Mr. Pedraza’s final question asked about the unforeseen events that might blindside the luxury industry.
Around the room groups generally agreed that the unanticipated events are similar to threats, the geopolitical events and the stock market.
Be careful of currents
Mr. Pedraza also provided his own predictions for 2015. He, like the audience, suggested a flat or single digit increase in the luxury market this year and suggested that the U.S. market might be slightly higher.
He cautioned against the “rip currents” that might catch the luxury market off guard. For instance, the oil market might help increase pocket money for consumers, but in places like Texas or the Middle East that are dependent on oil, the decrease will likely harm local markets.
Mr. Pedraza suggested his three recommendations for the year in the luxury markets: store optimization, channel alignment and marketing effectiveness.
Mr. Pedraza at Luxury FirstLook 2015
Store optimization is about the relationship that is built between the brands. The sales people in-store may not sell something today, but the relationship created with a consumer can spark a long-term bond between the brand and the individual.
Channel alignment involves brands integrating every part of their company. Data lets brands see who is buying in just one channel and who is a multichannel purchaser. An online relationship management team can meld the online touchpoints to match the in-person experiences consumers have when shopping in-store.
The final suggestion was marketing effectiveness. Brands need to realize the inefficient tendencies and sectors and eliminate them. Marketing teams should be held accountable for generating store and online traffic, not brand awareness.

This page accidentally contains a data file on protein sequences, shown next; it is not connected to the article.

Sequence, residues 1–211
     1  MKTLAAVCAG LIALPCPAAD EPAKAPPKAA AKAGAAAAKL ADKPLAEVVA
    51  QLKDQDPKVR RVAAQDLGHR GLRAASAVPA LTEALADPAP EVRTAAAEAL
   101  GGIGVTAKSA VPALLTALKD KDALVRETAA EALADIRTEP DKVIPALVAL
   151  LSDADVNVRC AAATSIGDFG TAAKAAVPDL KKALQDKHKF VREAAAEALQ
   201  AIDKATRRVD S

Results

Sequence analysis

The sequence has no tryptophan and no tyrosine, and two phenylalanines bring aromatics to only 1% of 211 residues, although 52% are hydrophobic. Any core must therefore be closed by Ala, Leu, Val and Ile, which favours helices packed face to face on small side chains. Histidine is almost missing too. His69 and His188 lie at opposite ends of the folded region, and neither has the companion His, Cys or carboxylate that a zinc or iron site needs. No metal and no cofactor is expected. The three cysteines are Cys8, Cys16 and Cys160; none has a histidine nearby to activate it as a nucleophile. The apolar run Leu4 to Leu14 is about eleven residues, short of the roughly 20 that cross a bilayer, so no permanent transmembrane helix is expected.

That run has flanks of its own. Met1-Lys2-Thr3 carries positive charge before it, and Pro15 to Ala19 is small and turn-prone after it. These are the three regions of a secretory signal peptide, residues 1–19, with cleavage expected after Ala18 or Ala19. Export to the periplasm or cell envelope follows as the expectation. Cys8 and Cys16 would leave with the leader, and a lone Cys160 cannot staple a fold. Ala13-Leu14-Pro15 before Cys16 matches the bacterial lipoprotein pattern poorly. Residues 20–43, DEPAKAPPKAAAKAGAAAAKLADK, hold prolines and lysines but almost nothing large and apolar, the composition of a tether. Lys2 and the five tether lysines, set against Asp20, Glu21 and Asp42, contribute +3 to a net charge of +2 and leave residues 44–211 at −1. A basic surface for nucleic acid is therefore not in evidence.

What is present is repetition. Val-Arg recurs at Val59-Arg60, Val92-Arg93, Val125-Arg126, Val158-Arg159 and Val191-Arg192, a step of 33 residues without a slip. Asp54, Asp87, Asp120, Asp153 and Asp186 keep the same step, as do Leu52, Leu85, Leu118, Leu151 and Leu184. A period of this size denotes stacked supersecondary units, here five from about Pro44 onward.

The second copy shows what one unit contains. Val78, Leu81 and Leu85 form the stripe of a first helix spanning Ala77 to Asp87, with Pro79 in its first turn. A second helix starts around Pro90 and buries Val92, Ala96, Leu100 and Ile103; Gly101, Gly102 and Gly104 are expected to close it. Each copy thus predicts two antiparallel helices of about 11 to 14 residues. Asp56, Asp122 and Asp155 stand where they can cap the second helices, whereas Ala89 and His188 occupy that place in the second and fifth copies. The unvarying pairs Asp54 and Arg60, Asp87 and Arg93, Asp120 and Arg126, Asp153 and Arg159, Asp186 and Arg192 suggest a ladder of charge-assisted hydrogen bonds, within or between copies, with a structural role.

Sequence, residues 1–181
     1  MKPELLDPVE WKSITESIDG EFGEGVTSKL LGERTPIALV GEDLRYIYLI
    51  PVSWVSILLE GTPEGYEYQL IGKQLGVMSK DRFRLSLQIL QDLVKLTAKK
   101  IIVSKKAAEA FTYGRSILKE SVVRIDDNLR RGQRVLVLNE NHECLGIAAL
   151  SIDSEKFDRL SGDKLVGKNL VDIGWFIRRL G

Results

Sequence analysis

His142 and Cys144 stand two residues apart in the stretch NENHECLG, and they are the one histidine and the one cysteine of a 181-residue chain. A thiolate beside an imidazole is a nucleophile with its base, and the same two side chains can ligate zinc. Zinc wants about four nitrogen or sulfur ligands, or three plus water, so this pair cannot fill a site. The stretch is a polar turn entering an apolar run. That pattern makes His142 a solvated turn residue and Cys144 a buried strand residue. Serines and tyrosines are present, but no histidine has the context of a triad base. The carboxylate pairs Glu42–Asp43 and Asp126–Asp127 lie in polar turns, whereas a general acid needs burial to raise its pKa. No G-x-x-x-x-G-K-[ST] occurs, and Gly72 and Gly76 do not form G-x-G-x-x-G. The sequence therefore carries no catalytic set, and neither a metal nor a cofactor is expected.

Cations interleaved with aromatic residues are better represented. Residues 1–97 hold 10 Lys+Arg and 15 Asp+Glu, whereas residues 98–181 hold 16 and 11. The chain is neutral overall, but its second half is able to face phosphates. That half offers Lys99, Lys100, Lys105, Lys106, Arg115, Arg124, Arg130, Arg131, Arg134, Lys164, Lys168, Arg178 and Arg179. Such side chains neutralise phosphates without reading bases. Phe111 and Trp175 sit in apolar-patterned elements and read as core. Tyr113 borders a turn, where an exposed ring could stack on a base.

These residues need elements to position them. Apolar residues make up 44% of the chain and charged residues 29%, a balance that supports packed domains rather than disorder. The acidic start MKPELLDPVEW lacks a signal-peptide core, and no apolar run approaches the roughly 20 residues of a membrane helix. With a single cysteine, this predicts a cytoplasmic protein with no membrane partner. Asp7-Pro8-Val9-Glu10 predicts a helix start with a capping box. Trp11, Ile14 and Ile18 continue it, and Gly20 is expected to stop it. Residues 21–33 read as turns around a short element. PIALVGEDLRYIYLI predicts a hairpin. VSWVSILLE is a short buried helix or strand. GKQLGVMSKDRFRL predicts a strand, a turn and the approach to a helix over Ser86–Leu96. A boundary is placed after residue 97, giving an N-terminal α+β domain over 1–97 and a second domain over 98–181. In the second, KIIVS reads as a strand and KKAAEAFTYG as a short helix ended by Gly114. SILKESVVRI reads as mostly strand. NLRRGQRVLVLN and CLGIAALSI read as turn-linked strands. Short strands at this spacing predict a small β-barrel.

Past and future
Looking out toward the year ahead can be daunting, but those who adapt with the technology, emerging markets and positive influences in manufacturing will likely see positive responses.
Campaigns that used these techniques saw positive responses in 2014.
For example, the Fairmont Beijing partnered with automaker BMW to offer guests emission-free transportation through the new electric i series.
The alliance will bring both brands together to present guests with the opportunity to ride in the i series and experience Beijing. An eco-friendly package will likely interest environmentally conscious guests as well as BMW enthusiasts (see story).
Similarly, French atelier Saint Laurent Paris’ beauty brand YSL Beauté enhanced product demonstrations at its cosmetic counters with the introduction of Google Glass tutorials.
The beauty brand has rolled out Google Glass tutorials at retailers such as Bloomingdale’s and Selfridges to temporarily personalize the in-store experience through technology. Brands and consumers alike have struggled to incorporate Google Glass into everyday life, but the functionality of the technology in an in-store setting is hard to dispute (see story).
Predicting the future is nearly impossible, but collaborating and understanding the thoughts of others across multiple industries and positions can effectively create an understanding and marketing plan for a brand.
“Collective wisdom can be far better than any one speaker,” Mr. Pedraza said.
Nancy Buckley, editorial assistant on Luxury Daily, New York